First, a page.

The other major process efficiency mentioned is the lack of an extensive, laborious grant application process, because the Open Philanthropy Project investigates programs before reaching out to grantees. This does seem like a consideration that would scale well. However, it is not obvious to me why this needs to occur in the same organization that administers grants. To the extent that this is the argument for outsized impact, the obvious way to do this would be to investigate cause areas, and then give money to individuals or organizations already working in or funding the field, to redistribute as they see fit. I give examples in the sections on mitigating global catastrophic risks and funding basic science.

Explicit analysis

It's plausible that cost-benefit analysis of focus areas and particular programs is a generalizable skill. I have had conversations with very smart and analytical friends about programs they were trying to evaluate, where I was able to do a quick back of the envelope calculation using skills I'd learned during my time at GiveWell and the Open Philanthropy Project, and they couldn't.

While this model favors GiveWell and the Open Philanthropy Project over most organizations, it also favors the Gates Foundation, with its greater accumulated expertise, over GiveWell. Billionaire Warren Buffet gave his money to Gates instead of starting his own foundation, explicitly on the grounds that he wanted to take advantage of the Gates Foundation's expertise. If there are increasing returns to scale on this basis, the obvious right move seems to be to either further fund the Gates Foundation, or articulate why and how the Open Philanthropy Project will do better.

Verifiable reputation

While enabling outsiders to verify an organization's reasoning or track record via transparency is a laudable goal, it's not an independent reason to think the organization will be exceptionally high-impact - we should expect to have some specific idea, by means of that open communication, exactly how the organization will outperform others. Therefore, I don't consider this a separate reason to think the Open Philanthropy Project might have an extremely high impact.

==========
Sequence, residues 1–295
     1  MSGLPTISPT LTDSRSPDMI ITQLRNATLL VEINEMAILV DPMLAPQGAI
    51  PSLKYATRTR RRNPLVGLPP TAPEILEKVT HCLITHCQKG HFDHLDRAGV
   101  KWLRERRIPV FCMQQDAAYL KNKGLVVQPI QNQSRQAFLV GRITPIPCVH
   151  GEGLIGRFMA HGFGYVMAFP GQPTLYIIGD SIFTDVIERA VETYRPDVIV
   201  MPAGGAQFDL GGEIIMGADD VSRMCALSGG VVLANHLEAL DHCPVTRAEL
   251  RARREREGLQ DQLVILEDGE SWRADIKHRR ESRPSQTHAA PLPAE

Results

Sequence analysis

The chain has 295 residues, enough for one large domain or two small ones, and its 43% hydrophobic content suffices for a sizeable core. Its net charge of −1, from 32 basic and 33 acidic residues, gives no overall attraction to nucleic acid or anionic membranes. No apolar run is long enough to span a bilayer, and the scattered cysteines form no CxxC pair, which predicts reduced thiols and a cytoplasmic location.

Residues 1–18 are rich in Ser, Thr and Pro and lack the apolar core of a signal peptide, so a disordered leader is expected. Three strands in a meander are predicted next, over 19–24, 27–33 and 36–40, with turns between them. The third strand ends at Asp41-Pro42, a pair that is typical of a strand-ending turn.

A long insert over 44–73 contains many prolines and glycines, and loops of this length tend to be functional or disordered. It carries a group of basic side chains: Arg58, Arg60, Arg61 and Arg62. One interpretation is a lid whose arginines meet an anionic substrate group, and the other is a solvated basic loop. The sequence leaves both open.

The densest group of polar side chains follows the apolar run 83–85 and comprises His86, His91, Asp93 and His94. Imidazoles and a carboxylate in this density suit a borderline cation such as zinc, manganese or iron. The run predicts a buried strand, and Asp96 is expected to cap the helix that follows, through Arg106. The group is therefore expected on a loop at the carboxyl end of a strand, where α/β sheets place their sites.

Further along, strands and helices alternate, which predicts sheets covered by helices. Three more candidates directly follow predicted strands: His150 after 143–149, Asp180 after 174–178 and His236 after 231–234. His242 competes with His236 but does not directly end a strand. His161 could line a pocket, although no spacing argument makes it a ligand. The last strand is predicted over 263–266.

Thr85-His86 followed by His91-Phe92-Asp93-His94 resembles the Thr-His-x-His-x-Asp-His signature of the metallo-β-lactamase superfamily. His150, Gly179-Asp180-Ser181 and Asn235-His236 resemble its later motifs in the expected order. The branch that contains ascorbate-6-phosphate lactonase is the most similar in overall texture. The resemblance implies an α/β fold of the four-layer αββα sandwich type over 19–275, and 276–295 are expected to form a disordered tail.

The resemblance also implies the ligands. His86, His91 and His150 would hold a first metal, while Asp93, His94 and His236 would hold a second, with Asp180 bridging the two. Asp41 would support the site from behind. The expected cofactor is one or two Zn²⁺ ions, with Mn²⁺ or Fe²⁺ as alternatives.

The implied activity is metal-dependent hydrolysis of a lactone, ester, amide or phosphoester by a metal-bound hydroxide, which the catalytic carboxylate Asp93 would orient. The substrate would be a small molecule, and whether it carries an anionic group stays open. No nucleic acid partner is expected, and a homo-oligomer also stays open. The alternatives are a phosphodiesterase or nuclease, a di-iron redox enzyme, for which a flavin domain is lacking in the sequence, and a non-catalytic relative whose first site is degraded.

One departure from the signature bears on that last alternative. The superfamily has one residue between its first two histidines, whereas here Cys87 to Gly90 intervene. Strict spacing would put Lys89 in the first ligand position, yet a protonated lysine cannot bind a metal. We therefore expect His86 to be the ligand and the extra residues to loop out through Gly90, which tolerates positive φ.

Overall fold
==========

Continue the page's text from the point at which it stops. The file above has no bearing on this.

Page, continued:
Philanthropy research as a public good

This is effectively the same as Argument 3, that the Open Philanthropy Project's main benefit is its influence on the broader giving culture, which will be covered in a later post.

Global catastrophic risk mitigation

It makes sense for a single organization to take a leading role in mitigating global catastrophic risks, but there are already major organizations tasked with such a role, that have accumulated substantial expertise in security issues, and have a great deal of official support and connections. They are even allowed to use lethal force to deal with potential risks. I'm talking about the national security apparatus of major world governments. The obvious comparison class here includes governmental organizations like IARPA.